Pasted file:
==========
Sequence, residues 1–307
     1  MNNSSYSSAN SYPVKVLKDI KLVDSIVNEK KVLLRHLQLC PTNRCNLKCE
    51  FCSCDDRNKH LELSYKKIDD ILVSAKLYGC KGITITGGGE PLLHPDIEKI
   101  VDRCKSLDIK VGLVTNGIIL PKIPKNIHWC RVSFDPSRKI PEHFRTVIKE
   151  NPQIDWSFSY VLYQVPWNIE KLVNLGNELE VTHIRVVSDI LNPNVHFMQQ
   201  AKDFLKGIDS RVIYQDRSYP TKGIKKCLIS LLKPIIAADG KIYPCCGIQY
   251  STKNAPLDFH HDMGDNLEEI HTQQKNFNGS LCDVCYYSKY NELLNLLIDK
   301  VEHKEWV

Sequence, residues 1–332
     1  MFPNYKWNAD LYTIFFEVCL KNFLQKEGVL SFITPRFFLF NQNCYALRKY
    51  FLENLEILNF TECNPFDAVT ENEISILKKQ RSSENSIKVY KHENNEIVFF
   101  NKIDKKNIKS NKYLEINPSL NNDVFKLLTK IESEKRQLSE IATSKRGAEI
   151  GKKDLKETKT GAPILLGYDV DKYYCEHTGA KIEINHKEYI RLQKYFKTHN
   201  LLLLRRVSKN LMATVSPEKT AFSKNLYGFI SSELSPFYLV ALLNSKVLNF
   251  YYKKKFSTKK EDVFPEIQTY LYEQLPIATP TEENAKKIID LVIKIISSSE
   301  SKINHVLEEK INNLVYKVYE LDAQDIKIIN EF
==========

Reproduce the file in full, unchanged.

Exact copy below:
Sequence, residues 1–307
     1  MNNSSYSSAN SYPVKVLKDI KLVDSIVNEK KVLLRHLQLC PTNRCNLKCE
    51  FCSCDDRNKH LELSYKKIDD ILVSAKLYGC KGITITGGGE PLLHPDIEKI
   101  VDRCKSLDIK VGLVTNGIIL PKIPKNIHWC RVSFDPSRKI PEHFRTVIKE
   151  NPQIDWSFSY VLYQVPWNIE KLVNLGNELE VTHIRVVSDI LNPNVHFMQQ
   201  AKDFLKGIDS RVIYQDRSYP TKGIKKCLIS LLKPIIAADG KIYPCCGIQY
   251  STKNAPLDFH HDMGDNLEEI HTQQKNFNGS LCDVCYYSKY NELLNLLIDK
   301  VEHKEWV

Sequence, residues 1–332
     1  MFPNYKWNAD LYTIFFEVCL KNFLQKEGVL SFITPRFFLF NQNCYALRKY
    51  FLENLEILNF TECNPFDAVT ENEISILKKQ RSSENSIKVY KHENNEIVFF
   101  NKIDKKNIKS NKYLEINPSL NNDVFKLLTK IESEKRQLSE IATSKRGAEI
   151  GKKDLKETKT GAPILLGYDV DKYYCEHTGA KIEINHKEYI RLQKYFKTHN
   201  LLLLRRVSKN LMATVSPEKT AFSKNLYGFI SSELSPFYLV ALLNSKVLNF
   251  YYKKKFSTKK EDVFPEIQTY LYEQLPIATP TEENAKKIID LVIKIISSSE
   301  SKINHVLEEK INNLVYKVYE LDAQDIKIIN EF